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Some of England's richest sheep-grazing land lies in the region of undulating green hills located between Leicester and Market Harborough, where the open slopes are broken only by low hedgerows and the occasional isolated village. Here the origins of the weekly cattle market can be traced back seven centuries. The pace of daily life in southern Leicestershire is as tranquil as the countryside itself. Secluded byways meander through a landscape of open fields, here and there interrupted by the line of a canal or the curve of a river. This is countryside that bespeaks timelessness, partly due to the weathered pink-brown Ketton stone traditionally used in so many of the county's buildings.
A branch of the Grand Union Canal, employed in the 19 th century for industrial transport, is used today by recreation and pleasure craft. For much of its length the canal flows through open countryside and the walks along the towpath are both pleasant and peaceful.
To the north-west of Leicester lie the remains of Charnwood Forest, a once densely wooded region covering some 30-square miles. The forest has suffered from centuries of felling and today presents an extraordinary, almost eerie panorama of open heath, rocky outcrops and uneven ridges, broken only by the occasional isolated clump of oak trees or the ragged edge of a former granite quarry. Gradual clearing of the forest over the years has revealed traces of Roman and Saxon settlements and the sites of several medieval abbeys built there for seclusion. Even older than the abbeys are the stone quarries; the vast quarry in Mountsorrel has given its name to a type of granite, which has been extensively quarried in the area for nearly 1000 years. The strange half-light cast that precedes a storm gives this extraordinary landscape an even more freakish and dramatic appearance.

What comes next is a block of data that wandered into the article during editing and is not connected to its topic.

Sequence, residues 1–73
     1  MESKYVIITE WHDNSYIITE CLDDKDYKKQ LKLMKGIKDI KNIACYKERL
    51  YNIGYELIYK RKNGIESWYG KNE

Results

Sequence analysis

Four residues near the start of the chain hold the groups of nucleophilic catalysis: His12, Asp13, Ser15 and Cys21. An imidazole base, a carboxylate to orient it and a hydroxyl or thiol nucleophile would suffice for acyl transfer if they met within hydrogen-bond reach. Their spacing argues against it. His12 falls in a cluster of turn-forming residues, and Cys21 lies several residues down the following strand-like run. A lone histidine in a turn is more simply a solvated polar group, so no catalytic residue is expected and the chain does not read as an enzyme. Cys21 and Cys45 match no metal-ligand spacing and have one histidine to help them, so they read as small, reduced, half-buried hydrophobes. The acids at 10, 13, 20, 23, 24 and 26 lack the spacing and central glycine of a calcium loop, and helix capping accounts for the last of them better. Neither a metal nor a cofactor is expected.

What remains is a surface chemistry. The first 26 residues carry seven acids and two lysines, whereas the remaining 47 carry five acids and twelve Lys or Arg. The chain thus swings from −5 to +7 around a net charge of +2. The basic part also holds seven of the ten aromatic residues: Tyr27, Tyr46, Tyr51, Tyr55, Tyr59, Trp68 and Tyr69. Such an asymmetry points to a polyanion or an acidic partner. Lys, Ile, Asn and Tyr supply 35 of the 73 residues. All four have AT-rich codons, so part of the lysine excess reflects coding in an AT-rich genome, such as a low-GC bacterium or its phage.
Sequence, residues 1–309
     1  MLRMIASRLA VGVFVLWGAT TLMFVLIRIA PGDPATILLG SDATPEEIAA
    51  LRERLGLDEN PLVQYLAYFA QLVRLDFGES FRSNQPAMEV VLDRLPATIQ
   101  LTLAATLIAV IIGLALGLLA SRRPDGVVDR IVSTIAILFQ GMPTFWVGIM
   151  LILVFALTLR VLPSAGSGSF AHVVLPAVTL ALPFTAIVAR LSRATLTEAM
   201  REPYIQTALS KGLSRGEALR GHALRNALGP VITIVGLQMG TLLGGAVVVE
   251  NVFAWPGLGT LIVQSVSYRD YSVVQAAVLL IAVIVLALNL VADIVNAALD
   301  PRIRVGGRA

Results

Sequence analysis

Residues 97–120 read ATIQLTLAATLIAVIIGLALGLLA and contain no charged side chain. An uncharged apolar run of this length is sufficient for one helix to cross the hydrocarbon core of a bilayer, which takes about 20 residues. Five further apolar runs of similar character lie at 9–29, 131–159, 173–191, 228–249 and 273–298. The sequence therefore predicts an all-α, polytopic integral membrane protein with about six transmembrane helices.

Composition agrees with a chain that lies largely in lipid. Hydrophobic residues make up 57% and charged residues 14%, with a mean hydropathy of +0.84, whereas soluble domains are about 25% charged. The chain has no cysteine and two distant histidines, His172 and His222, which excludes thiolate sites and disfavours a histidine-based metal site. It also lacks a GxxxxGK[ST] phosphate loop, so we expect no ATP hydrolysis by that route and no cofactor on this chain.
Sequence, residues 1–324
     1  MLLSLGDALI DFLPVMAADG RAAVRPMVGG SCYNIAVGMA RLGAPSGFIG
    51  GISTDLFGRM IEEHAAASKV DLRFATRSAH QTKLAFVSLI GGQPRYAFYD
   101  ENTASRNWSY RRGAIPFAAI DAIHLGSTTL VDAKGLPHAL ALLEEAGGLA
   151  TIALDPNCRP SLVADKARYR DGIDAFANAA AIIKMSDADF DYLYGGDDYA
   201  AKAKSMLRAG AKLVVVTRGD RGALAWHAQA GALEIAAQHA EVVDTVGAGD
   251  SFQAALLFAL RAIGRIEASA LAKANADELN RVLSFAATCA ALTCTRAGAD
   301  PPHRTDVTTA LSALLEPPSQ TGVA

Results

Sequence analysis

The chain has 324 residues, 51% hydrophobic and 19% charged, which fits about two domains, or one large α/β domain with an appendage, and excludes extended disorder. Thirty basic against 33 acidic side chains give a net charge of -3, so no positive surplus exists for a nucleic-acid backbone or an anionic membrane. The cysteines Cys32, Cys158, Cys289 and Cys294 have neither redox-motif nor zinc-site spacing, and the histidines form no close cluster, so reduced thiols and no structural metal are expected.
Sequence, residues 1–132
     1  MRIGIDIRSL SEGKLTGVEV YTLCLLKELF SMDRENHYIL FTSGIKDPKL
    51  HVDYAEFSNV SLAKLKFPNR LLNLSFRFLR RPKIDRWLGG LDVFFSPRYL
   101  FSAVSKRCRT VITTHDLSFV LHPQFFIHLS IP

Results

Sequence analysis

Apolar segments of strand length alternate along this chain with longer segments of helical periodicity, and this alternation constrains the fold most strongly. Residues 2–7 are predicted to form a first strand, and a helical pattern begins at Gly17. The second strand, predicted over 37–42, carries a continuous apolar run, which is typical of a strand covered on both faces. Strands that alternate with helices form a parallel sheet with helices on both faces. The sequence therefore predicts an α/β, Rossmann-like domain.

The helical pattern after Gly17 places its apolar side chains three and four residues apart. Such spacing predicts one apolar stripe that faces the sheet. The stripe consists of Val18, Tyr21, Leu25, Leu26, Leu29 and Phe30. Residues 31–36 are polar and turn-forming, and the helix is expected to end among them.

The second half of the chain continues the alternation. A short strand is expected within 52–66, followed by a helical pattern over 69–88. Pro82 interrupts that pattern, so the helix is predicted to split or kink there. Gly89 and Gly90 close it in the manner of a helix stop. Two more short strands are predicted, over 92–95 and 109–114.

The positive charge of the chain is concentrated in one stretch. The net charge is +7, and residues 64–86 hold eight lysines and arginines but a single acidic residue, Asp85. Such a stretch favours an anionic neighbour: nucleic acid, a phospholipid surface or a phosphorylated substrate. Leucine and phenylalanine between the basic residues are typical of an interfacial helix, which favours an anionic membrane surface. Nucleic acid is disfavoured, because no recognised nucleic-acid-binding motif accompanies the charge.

Nearly half the population of the county lives in the thriving county-town and cathedral city of Leicester, a city which can trace its roots back to the Roman period when it was a place of importance. Leicester Castle, only a little less old than the city, its origins lying in Saxon but more especially Norman times, has enjoyed a colourful history. It was the scene of one of the first of those stormy meetings of the barons that led to Magna Carta.
Leicestershire, being primarily rural, provides favourable ground for those who hunt with hounds, a huntsman's paradise with its many hills and dales, open views, wide grasslands and scattered woods. Charnwood Forest was a hunting ground in the Middle Ages for local lords of the manor --the Quorn and Belvoir Hunts are famous.
Leicestershire has a sizeable scattering of charming villages with a great variety of appeal. Woodhouse, with its splendid views of Charnwood; Stapleford's old Hall has a marvellous array of sculpture displayed out of doors; Kirkby Muxloe hides away an ancient ruined castle over 400-years old; Redmile and Sibson still ring the curfew bell as they have for over 20 generations, and of course there is the incomparable Belvoir Castle that can trace its ancestry back to Norman times.